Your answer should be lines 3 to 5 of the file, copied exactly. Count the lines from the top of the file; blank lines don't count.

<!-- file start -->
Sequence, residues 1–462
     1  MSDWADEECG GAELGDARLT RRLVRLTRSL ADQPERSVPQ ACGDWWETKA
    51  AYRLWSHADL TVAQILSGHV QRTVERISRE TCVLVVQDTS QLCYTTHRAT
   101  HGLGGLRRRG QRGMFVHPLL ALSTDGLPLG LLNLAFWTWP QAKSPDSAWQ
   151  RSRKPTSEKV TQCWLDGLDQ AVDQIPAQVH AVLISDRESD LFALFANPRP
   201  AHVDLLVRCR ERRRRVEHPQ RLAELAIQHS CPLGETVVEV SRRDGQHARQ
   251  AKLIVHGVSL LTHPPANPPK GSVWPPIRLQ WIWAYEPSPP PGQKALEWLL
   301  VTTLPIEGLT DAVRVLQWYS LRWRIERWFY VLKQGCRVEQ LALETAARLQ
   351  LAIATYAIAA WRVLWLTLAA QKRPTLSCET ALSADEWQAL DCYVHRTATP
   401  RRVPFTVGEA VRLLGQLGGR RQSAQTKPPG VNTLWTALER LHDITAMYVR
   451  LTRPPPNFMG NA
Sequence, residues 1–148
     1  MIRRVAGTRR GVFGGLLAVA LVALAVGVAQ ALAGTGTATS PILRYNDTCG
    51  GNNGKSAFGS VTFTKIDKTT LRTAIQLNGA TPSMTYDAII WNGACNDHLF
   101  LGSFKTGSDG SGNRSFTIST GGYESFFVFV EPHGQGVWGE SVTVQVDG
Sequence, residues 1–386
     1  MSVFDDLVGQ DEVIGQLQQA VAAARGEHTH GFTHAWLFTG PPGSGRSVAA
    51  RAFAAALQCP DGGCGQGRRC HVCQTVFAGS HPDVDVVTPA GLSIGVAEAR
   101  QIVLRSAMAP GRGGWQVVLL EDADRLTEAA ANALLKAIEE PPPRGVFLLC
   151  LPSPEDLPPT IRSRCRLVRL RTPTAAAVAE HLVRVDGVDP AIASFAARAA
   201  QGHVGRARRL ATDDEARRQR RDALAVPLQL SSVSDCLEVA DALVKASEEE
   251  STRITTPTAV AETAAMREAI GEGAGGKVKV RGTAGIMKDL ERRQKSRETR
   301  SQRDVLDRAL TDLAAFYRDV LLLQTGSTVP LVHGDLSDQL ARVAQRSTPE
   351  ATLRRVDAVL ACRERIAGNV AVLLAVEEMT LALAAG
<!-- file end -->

    51  AYRLWSHADL TVAQILSGHV QRTVERISRE TCVLVVQDTS QLCYTTHRAT
   101  HGLGGLRRRG QRGMFVHPLL ALSTDGLPLG LLNLAFWTWP QAKSPDSAWQ
   151  RSRKPTSEKV TQCWLDGLDQ AVDQIPAQVH AVLISDRESD LFALFANPRP